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121 terms

Robles Finals Study Guide

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botany
the study of plants
zoology
the study of animals
entomology
the study of insects
anatomy
the study of body structure
genetics
the study of heredity
ecology
the study of interaction of living things and their environment
cytology
the study of structures and functions of cells
paleontology
the study of fossil animals and plants
Robert Hooke
a English scientist who was the first person to see cells from thin slices of cork using a three-lens compound microscope
Anton van Leeuwenhoek
a Dutch tradesman who was one of the first people to describe living cell and drew animalcules using a single-lens microscopes
Scanning Electron Microscope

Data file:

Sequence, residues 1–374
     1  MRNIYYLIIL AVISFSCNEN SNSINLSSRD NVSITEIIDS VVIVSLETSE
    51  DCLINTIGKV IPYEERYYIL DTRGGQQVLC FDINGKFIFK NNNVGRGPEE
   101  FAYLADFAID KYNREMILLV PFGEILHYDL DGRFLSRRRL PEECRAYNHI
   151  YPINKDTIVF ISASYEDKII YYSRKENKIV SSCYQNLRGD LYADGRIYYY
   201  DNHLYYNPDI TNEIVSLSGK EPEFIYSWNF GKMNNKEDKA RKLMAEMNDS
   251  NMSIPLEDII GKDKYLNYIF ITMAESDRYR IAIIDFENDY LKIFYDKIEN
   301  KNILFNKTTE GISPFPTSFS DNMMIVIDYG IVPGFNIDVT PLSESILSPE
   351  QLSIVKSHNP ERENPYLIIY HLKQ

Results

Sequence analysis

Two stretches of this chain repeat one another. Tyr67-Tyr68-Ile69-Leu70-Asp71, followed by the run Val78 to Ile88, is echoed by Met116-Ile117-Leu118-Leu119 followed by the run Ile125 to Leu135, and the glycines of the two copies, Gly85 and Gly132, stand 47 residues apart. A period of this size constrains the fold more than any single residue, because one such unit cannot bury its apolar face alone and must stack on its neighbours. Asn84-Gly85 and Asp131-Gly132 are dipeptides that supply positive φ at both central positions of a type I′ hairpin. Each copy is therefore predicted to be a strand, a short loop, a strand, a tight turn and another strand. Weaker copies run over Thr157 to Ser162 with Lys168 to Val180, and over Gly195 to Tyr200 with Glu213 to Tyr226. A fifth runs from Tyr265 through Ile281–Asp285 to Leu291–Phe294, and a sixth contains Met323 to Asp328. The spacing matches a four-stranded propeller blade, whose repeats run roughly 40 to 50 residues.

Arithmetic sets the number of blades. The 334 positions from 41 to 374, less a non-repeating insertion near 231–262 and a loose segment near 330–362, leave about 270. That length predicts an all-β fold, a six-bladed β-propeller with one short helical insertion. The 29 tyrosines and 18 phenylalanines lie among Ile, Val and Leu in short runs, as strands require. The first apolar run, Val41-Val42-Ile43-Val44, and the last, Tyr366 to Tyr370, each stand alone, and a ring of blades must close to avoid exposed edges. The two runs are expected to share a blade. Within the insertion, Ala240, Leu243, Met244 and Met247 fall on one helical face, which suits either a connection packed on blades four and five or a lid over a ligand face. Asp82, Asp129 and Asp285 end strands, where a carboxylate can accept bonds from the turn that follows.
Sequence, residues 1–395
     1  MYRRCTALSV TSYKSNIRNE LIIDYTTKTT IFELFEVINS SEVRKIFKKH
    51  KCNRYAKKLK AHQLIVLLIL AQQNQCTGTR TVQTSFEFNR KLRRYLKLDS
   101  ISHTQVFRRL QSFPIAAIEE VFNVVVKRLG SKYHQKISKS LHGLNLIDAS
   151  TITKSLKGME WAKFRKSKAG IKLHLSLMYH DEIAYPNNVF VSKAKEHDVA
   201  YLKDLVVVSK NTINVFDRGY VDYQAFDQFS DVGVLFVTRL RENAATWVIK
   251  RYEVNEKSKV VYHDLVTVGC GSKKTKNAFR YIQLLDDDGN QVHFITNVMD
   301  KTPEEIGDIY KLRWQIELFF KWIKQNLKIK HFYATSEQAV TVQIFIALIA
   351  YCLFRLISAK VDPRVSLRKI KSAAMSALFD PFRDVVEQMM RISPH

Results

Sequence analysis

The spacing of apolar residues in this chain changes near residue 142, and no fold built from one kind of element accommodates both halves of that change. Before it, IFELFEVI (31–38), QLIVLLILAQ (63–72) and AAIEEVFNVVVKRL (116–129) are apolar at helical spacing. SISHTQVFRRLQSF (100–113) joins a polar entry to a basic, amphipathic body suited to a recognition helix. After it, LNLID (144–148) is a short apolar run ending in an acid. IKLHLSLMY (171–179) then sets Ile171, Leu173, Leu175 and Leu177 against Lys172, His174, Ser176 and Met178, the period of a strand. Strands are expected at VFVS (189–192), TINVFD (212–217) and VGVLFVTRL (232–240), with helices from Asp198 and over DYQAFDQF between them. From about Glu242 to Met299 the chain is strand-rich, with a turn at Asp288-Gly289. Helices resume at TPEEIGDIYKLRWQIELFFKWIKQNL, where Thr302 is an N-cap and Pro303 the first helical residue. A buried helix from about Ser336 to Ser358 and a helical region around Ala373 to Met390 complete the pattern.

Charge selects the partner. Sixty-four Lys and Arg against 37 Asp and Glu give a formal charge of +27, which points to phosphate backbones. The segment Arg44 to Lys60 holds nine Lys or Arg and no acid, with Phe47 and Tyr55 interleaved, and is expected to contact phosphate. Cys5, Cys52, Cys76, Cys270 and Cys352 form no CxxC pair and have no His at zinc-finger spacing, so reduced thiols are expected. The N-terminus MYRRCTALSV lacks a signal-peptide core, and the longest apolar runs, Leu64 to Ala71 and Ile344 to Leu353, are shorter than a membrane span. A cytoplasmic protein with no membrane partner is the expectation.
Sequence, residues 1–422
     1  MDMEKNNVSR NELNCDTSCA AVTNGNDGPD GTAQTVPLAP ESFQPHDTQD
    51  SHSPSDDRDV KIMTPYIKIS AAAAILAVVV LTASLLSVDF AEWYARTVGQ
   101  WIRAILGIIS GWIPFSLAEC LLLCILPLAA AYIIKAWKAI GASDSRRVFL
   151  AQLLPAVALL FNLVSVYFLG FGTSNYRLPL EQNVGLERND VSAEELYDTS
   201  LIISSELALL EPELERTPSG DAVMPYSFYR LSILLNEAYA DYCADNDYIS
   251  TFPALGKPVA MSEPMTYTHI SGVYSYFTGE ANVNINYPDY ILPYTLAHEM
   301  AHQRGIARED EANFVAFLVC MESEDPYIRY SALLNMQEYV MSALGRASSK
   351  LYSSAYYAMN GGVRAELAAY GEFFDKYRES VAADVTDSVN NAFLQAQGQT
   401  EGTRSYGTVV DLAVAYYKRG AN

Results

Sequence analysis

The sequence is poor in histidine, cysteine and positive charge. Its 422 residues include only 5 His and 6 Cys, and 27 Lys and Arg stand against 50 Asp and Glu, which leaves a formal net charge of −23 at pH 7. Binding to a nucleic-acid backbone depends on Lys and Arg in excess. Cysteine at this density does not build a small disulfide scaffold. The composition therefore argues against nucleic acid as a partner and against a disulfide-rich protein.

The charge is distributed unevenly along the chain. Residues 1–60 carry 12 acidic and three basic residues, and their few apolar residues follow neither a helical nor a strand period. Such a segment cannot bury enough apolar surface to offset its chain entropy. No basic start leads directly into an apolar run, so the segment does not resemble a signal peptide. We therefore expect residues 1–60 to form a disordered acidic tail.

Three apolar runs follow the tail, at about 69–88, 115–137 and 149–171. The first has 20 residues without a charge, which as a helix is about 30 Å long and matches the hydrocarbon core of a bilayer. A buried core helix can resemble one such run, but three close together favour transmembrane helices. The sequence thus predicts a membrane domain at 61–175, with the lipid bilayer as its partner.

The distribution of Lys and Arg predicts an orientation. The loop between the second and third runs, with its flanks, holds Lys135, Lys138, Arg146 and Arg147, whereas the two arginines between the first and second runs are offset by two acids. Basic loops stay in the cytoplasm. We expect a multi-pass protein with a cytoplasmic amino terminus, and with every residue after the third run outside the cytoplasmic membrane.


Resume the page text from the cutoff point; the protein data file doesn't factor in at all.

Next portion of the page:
a microscope that scans the surface of a specimen with a beam of electrons and the specimen's surface is usually coated with a very thin layer of a metal that deflects the electrons
Transmission Electron Microscope
a microscope that transmits electrons through a thin slice of a specimen, it makes a two-dimensional image similar to that of a light microscope, but with a much higher magnification
cell theory
-all organisms are made of cells
-all existing cells are produced by other living cells
-the cell is the most basic unit of life
Matthias Schleiden
a German scientist that was first to note that plants are made of cells
Theodor Schwann
a German scientist that concluded that all living things are made of cells
Rudolf Virchow